Ralph Ubl. Prehistoric Future: Max Ernst and the Return of Painting between the Wars. Trans. Elizabeth Tucker. Chicago: University of Chicago Press, 2013. 260 pp. Hardcover $45.00.
Reviewed by Molly Warnock
4 June 2014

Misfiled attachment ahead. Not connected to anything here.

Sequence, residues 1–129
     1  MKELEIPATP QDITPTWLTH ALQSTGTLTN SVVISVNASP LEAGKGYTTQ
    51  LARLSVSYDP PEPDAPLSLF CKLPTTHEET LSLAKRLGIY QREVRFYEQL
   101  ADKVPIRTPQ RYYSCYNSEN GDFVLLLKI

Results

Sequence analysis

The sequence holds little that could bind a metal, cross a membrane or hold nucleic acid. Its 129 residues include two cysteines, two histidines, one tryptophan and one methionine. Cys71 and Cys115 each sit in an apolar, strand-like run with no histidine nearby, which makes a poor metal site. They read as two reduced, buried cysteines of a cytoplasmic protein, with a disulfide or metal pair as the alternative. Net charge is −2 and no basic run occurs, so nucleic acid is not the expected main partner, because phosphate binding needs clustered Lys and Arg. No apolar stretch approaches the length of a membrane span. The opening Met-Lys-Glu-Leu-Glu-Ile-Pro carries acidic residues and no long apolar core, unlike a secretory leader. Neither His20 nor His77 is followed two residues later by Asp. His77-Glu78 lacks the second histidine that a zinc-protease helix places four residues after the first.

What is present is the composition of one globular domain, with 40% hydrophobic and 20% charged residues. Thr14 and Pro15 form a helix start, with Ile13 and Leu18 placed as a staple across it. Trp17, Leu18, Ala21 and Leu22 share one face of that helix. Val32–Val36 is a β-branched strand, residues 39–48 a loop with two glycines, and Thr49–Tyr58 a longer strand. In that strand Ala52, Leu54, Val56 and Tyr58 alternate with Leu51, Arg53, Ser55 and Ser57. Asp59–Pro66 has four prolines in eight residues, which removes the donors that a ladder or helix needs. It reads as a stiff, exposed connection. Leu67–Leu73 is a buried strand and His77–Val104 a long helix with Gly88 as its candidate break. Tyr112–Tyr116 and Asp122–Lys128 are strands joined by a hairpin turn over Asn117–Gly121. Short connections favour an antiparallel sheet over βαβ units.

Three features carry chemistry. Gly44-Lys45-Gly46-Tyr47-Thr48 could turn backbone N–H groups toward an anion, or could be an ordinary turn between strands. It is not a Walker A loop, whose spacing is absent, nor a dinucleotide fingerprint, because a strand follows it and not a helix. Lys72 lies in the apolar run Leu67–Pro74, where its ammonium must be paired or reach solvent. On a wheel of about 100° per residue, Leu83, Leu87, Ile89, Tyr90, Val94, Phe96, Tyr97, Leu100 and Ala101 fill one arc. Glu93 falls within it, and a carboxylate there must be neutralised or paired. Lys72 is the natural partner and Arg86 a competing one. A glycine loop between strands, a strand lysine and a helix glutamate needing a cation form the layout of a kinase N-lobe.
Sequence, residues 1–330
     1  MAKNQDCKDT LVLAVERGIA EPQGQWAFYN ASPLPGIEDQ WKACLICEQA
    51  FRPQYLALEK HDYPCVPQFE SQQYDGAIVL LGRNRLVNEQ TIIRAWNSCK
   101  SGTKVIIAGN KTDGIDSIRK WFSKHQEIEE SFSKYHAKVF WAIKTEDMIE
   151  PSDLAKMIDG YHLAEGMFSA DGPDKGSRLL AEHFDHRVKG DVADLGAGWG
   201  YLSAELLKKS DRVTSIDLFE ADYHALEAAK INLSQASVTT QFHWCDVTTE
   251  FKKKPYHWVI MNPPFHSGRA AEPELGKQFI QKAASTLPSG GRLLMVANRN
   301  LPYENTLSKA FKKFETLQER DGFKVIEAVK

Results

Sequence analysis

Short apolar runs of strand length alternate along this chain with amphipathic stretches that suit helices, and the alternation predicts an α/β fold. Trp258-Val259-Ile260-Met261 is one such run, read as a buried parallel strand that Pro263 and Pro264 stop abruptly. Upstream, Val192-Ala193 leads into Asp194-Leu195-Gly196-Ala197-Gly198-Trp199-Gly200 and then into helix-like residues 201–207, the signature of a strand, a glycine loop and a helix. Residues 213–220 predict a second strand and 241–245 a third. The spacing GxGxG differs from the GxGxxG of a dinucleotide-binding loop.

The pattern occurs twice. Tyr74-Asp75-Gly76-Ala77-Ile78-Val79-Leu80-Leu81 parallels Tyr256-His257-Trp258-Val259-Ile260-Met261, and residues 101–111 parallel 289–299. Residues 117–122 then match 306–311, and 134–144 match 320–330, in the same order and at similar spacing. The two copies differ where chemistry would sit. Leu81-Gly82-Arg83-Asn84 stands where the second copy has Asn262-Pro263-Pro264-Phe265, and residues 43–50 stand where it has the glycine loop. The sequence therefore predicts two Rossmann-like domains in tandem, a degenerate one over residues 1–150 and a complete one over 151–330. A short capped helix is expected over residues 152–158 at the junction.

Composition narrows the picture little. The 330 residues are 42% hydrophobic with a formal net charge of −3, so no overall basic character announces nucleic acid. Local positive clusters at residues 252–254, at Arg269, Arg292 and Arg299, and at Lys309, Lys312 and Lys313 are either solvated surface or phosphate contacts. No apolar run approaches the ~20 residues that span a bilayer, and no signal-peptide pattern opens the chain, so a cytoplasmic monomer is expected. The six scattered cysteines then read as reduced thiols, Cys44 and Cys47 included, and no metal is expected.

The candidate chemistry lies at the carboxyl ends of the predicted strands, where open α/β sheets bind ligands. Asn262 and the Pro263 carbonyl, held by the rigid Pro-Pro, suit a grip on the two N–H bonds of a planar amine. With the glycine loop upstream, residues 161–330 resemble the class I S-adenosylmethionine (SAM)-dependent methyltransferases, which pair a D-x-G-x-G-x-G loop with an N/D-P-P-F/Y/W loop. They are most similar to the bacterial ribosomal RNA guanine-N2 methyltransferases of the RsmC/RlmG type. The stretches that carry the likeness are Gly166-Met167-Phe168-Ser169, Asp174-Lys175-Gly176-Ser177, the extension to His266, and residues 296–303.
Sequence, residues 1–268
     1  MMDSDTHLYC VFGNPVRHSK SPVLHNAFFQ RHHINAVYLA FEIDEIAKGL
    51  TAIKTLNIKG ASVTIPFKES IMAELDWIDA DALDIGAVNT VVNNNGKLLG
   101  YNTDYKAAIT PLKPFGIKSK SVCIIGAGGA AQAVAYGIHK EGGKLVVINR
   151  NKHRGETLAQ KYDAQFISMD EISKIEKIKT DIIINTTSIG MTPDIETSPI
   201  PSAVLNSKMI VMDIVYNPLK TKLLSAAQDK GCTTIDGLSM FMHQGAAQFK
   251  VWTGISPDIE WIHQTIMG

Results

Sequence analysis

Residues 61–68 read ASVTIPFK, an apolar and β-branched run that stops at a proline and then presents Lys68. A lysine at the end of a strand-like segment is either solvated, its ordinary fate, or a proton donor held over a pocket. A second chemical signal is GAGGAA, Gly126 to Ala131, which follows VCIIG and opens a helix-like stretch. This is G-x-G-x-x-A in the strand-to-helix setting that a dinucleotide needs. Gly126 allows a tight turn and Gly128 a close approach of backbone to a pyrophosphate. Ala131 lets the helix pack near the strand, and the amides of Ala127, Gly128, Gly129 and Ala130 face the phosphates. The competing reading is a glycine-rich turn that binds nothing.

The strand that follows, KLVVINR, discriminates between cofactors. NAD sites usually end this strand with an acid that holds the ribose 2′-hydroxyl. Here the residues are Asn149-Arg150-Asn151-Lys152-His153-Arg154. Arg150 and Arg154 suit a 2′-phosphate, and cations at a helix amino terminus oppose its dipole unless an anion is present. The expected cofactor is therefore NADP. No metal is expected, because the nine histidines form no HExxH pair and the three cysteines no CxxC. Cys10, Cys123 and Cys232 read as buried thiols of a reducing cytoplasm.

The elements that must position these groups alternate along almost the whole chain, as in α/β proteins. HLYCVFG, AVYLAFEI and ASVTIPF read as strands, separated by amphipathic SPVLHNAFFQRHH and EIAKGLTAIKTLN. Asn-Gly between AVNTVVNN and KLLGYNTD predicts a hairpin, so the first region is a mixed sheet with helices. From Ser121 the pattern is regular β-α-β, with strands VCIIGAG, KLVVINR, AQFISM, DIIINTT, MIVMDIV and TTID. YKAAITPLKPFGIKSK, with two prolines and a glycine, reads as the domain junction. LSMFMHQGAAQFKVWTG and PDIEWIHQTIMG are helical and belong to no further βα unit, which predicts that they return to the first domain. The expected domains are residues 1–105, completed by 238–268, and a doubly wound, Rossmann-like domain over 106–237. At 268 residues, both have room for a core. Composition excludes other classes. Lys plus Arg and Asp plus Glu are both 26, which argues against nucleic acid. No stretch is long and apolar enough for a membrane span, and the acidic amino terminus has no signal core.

A prodigious literature testifies both to Max Ernst’s importance within the interwar European avant-garde and to an enduring rift in his critical reception. Long recognized as a founding figure of Cologne dada and a leading light in Paris surrealism, he has been cast both as a canny manipulator of pictorial techniques (collage, grattage, frottage, and so on) and—what can appear the opposite—a uniquely receptive conduit for psychic processes, less the master than the medium of the poetic visions at play in his oeuvre. Ralph Ubl’s brilliant monograph, originally published in German in 2004 and ably translated by Elizabeth Tucker, does not simply cast another vote in favor of one or the other view; nor does it downplay the extent to which Ernst himself vacillated between these two poles. Rather, it takes the tension between them as its subject, setting it within what the author in a new introduction calls “the larger theoretical context of the modern aesthetic of originality” (p. 4). Like other avant-garde artists before and after him, Ubl claims, Ernst at once foregrounds the technical and material bases of his art and refers the authority for his results to another productive source, higher or deeper than the finite self and by no means reducible to its conscious procedures. Ubl’s nuanced and persuasive readings address a number of Ernst’s most important works—among them, the collages and overpaintings of the early 1920s; the surrealist frottages of the Natural History portfolio of 1926; and the landmark painting Europe after the Rain of 1933 —within a continually evolving set of biographical, historical, and theoretical contexts and effectively recast the very notion of a psychoanalytic picture. Of particular importance throughout is the emphasis on painting, which Ubl argues was not so much superseded as dismantled and repressed by the historical avant-garde—whose productions it returned to haunt in the crucial decades after World War I. An ambitious and substantially new account of the continued claims of that medium in a period often presented as the age and wake of its undoing, this study has far-reaching implications not only for the highly active field of surrealism studies but also for the broader history and theory of modernism and the avant-garde.